has nominated a rural doctor from Gulf Coast Alabama to be the nation’s next Surgeon General. Dr. Regina Benjamin (above with the President) is a rural Alabama family physician who operates a nonprofit medical clinic along the Gulf Coast, makes house calls and accepts every patient who comes to her door. Benjamin is 51 and lives in the shrimping community of Bayou La Batre. She became the first black woman and the first doctor under age 40 elected to the American Medical Association’s board of trustees, and in 2002 became the first black woman to head a state medical society.

Dr. Benjamin saw her clinic destroyed by Hurricane Katrina and, once it was rebuilt by volunteers, watched it destroyed by fire. She rebuilt the clinic, telling the story of a patient who handed her an envelop containing $7 for the effort. “If she can find $7, I can figure out the rest,” Dr. Benjamin said. Benjamin received $500,000 in a MacArthur Foundation “genius award” that she used to help rebuild the facility. She must be confirmed by the Senate. She is the highest-ranking rural resident in the Obama administration. 

 

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Obama Picks Country Doctor to be Surgeon General

 

President Barack Obama has nominated a rural doctor from Gulf Coast Alabama to be the nation's next Surgeon General. Dr. Regina Benjamin (above with the President) is a rural Alabama family physician who operates a nonprofit medical clinic along the Gulf Coast, makes house calls and accepts every patient who comes to her door. Benjamin is 51 and lives in the shrimping community of Bayou La Batre. She became the first black woman and the first doctor under age 40 elected to the American Medical Association's board of trustees, and in 2002 became the first black woman to head a state medical society.

Dr. Benjamin saw her clinic destroyed by Hurricane Katrina and, once it was rebuilt by volunteers, watched it destroyed by fire. She rebuilt the clinic, telling the story of a patient who handed her an envelop containing $7 for the effort. "If she can find $7, I can figure out the rest," Dr. Benjamin said. Benjamin received $500,000 in a MacArthur Foundation "genius award" that she used to help rebuild the facility. She must be confirmed by the Senate. She is the highest-ranking rural resident in the Obama administration.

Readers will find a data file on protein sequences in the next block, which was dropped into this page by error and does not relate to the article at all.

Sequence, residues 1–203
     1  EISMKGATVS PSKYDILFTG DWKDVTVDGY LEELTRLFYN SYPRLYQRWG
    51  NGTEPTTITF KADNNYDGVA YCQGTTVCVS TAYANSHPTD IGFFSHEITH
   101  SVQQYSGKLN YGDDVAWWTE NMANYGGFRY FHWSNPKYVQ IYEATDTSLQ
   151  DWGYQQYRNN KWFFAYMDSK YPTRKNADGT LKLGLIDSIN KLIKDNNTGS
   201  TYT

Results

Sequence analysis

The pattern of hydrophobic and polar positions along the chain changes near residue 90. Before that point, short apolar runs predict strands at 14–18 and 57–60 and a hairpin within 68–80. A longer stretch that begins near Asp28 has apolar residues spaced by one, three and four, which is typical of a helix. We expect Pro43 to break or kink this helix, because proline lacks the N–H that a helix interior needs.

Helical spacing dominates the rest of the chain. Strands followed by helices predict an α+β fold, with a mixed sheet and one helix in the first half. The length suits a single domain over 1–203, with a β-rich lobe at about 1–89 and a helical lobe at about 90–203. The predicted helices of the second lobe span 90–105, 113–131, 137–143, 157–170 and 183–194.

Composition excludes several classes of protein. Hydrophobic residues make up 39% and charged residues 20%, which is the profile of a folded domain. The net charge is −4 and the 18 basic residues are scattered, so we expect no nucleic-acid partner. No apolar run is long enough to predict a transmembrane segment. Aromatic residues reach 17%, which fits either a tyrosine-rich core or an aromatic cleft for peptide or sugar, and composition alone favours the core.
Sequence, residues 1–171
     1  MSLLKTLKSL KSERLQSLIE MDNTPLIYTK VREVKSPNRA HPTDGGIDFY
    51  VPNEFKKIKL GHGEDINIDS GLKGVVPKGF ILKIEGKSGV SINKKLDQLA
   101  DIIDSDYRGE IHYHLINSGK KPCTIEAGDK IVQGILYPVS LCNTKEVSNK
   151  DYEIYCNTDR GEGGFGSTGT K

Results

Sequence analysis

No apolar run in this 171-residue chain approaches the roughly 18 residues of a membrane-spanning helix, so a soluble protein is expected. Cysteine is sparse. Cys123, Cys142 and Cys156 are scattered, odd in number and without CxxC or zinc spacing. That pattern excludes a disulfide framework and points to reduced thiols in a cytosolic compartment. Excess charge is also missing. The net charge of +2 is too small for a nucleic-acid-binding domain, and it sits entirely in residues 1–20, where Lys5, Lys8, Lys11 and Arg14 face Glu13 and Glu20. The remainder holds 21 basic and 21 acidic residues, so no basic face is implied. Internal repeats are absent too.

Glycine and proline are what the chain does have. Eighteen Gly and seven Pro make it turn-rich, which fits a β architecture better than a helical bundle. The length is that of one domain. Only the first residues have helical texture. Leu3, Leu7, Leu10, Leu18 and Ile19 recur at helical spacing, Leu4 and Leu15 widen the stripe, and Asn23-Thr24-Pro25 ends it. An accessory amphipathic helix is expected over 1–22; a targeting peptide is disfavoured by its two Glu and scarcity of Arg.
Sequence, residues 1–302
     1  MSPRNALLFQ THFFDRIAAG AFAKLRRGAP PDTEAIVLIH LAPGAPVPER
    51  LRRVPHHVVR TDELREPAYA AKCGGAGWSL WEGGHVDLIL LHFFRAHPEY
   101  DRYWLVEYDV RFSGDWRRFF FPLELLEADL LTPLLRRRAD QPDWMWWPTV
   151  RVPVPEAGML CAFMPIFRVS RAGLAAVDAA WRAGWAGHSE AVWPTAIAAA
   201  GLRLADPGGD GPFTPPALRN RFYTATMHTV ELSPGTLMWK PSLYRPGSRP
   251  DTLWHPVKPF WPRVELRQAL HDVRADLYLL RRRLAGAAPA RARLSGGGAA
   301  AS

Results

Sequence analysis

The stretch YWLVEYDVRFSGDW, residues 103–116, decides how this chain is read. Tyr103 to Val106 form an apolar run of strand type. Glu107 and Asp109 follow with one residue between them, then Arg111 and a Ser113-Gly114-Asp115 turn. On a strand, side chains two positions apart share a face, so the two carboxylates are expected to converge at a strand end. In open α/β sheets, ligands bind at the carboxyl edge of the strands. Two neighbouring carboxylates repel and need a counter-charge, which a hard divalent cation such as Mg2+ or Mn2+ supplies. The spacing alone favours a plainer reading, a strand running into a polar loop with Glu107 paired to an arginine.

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President Barack Obama has nominated a rural doctor from Gulf Coast Alabama to be the nation’s next Surgeon General. Dr. Regina Benjamin (above with the President) is a rural Alabama family physician who operates a nonprofit medical clinic along the Gulf Coast, makes house calls and accepts every patient who comes to her door. Benjamin is 51 and lives in the shrimping community of Bayou La Batre. She became the first black woman and the first doctor under age 40 elected to the American Medical Association’s board of trustees, and in 2002 became the first black woman to head a state medical society.

Dr. Benjamin saw her clinic destroyed by Hurricane Katrina and, once it was rebuilt by volunteers, watched it destroyed by fire. She rebuilt the clinic, telling the story of a patient who handed her an envelop containing $7 for the effort. “If she can find $7, I can figure out the rest,” Dr. Benjamin said. Benjamin received $500,000 in a MacArthur Foundation “genius award” that she used to help rebuild the facility. She must be confirmed by the Senate. She is the highest-ranking rural resident in the Obama administration. 

 

 

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